Finding identity beyond social media

Teen life today involves more social media now than ever. Research finds that 94 percent of teens go online daily, and 74 percent of teens use more than one social platform. While social media creates connections in creative, fun ways (think: Snapchat face filters!), it also has many risks. Teens are particularly vulnerable to cyberbullying, isolation, perfectionism and comparison on social media. You as a parent play a vital role in helping your child navigate social media and identity.

Here are three ways to help your teen cultivate identity beyond social platforms:

Help your teen set boundaries

Boundaries are critical for teen social media usage. When you develop boundaries for social media, be sure you and your teen do it together, as a team. Ensure the boundaries are centered on love. “Rules are fear-based, but boundaries and guidelines are more relational,” says Julie Faddis, Assistant Clinical Director at Shelterwood. “If you and your teen are struggling to have open communication, work on solidifying the foundation of trust and forming that positive relationship.”

When your teen establishes boundaries around screen time, they have more time to cultivate offline interests. Boundaries free up time to build relationships, stay active in their hobbies and serve in the community. Help your teen create realistic boundaries and then follow through with love and consistent reinforcement. Read more on how to help your teen set boundaries here.

Help your teen build a support system

Teens may be connected to hundreds of “friends” digitally, but they also need in-person community. Research shows that more social media time can lead to isolation and loneliness. Help your teen expand their circle, so they know they have a network of people who love and trust them beyond their screen.

Create opportunities for your teen to further engage with people who could be a positive influence. Support systems connect your teen to meaningful relationships beyond your family. Your teen can learn his or her value as a person beyond the image projected on social media. Read more on how to help your teen build a support system here.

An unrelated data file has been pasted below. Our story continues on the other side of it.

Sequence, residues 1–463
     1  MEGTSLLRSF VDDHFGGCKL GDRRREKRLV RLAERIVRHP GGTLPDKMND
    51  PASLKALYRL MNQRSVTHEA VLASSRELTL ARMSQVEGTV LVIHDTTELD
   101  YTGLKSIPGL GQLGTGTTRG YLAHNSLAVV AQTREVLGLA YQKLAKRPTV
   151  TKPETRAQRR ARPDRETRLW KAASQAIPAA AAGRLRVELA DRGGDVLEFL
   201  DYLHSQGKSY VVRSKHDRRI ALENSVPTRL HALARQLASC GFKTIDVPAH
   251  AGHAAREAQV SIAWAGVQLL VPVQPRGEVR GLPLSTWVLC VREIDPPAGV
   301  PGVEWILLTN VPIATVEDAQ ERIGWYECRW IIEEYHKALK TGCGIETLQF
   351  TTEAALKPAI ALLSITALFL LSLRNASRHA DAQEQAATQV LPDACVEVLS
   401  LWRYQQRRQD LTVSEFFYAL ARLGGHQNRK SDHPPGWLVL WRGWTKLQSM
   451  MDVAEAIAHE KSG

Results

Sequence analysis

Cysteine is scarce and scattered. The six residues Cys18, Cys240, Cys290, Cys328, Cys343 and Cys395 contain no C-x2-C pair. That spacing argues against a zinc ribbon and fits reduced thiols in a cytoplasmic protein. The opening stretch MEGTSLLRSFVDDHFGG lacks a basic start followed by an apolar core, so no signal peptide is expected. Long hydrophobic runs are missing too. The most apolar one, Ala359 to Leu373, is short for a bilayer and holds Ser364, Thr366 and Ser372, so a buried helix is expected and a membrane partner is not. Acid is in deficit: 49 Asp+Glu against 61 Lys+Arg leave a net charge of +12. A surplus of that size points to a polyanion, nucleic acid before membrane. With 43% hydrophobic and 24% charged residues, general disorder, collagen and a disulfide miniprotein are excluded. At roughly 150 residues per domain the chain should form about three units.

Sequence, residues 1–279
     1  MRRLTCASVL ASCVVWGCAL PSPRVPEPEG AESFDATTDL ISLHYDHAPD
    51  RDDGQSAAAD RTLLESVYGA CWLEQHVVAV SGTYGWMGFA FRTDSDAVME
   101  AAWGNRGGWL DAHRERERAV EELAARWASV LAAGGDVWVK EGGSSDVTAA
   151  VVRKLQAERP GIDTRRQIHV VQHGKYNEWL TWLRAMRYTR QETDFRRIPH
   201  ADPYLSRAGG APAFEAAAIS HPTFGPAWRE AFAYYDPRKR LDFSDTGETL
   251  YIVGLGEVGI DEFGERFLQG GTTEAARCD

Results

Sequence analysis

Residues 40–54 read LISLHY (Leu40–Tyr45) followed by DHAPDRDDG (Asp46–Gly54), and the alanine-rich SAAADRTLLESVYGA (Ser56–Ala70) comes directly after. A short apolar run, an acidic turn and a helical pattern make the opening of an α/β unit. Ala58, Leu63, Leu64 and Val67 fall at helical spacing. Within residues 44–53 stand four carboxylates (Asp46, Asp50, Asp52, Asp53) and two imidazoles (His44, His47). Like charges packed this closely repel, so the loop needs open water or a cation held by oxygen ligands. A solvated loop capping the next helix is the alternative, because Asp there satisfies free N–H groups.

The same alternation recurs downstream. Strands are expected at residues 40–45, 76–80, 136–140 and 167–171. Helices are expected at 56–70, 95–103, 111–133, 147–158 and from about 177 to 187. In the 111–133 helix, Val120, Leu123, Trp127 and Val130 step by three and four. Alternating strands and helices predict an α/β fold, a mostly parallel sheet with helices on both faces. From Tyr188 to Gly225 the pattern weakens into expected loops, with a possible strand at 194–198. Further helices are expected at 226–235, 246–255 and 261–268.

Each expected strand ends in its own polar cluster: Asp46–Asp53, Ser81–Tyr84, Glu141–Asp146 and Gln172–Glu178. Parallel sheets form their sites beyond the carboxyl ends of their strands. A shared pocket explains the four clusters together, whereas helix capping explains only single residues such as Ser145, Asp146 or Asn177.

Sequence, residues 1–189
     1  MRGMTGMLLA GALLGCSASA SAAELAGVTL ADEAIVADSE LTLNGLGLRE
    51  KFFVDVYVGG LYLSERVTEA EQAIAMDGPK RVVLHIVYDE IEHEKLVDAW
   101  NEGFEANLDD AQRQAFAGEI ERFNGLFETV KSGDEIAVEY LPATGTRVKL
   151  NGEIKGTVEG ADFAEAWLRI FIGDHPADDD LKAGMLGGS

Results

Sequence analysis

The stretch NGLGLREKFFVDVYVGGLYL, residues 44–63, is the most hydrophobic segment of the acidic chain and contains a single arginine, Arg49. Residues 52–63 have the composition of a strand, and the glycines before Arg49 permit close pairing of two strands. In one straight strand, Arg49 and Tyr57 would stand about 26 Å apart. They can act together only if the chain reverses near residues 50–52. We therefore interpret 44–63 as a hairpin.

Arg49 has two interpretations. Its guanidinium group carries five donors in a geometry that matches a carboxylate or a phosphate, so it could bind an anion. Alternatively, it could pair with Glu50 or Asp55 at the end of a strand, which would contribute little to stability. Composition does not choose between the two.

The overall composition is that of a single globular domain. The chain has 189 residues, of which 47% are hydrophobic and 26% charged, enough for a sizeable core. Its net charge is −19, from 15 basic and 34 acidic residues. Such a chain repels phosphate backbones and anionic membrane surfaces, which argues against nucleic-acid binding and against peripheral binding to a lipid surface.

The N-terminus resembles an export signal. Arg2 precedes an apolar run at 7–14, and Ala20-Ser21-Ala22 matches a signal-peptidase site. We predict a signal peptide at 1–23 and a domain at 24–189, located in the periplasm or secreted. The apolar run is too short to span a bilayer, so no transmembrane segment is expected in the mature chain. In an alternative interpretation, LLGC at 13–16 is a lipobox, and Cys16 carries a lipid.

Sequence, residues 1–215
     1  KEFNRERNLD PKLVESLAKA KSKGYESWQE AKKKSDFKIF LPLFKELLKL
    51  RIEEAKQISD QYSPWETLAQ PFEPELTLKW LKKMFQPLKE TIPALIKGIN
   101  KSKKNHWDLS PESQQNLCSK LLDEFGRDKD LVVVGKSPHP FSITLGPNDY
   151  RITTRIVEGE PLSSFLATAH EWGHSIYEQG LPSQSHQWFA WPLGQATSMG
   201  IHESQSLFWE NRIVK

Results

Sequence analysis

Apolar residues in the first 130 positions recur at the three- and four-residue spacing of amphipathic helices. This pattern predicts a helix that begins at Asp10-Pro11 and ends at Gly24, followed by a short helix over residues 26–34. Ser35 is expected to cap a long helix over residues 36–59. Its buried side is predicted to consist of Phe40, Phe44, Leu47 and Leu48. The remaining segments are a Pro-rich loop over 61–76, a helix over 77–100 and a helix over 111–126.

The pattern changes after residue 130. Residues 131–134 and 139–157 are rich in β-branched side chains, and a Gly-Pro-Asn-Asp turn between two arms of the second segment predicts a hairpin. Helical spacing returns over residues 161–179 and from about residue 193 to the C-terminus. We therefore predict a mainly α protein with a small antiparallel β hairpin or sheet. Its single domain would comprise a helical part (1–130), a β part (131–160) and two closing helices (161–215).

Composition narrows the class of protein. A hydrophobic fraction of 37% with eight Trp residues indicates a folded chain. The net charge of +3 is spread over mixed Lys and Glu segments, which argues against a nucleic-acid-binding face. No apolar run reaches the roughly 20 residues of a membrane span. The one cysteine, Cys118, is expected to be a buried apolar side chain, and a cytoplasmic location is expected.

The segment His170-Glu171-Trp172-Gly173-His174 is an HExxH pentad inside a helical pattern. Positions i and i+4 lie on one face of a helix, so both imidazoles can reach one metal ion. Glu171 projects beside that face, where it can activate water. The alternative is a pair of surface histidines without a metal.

Be aware of warning signs of technology addiction

Technology addiction is a growing concern for teens, particularly on social media. Addiction can be defined as someone engaging in a behavior that is repetitive, and that person has lost control over that repetitive behavior, says Ken DeBlock, Shelterwood’s Director of Substance Abuse and Recovery. Social media is marketed and designed to engage teens for a long period of time.

“It is a fundamental principle that people need connection,” Ken says. “Yet these devices provide a very different type of connection. Connection to other people is not through personal experiences but through this online resource. This makes it easier for teens to project who they want to be and how they want to feel. There are many more opportunities to be inauthentic. These platforms center on a controlled environment that is easier to dictate than actual life.” Read more about how to help your teen with their screen time, and how to tell if your teen may have an unhealthy relationship with technology here.

Utilize these three tips to support your teen’s healthy social media usage. If you’re concerned about your teen’s technology usage, consider Shelterwood. At Shelterwood, we offer real hope, real heart change and real restoration for struggling teens. We are committed to bringing heart change to teenagers and restoration to families. Connect with admissions today: 866.585.8939.

Screen time and teens: How you can help

Is your teen spending too much time using technology? If you worry about your teen’s use of devices, you are not alone. A report by Common Sense Media indicates half of all young people feel they are addicted to their devices. Almost 60 percent of adults think their kids are addicted too, and a third of parents and teens say that they argue daily about screen time.

With today’s teenagers never knowing a world without the Internet, many struggle to use technology in a way that is healthy. “Our society is moving so quickly with technology that kids now have access to a very large social world that they may not have the maturity to navigate,” explains Ken DeBlock, Shelterwood Academy’s Director of Substance Abuse and Recovery. Learn more about technology addiction, why there is such a rise in the “screen time” challenge and how you can help your teen.

Technology addiction, defined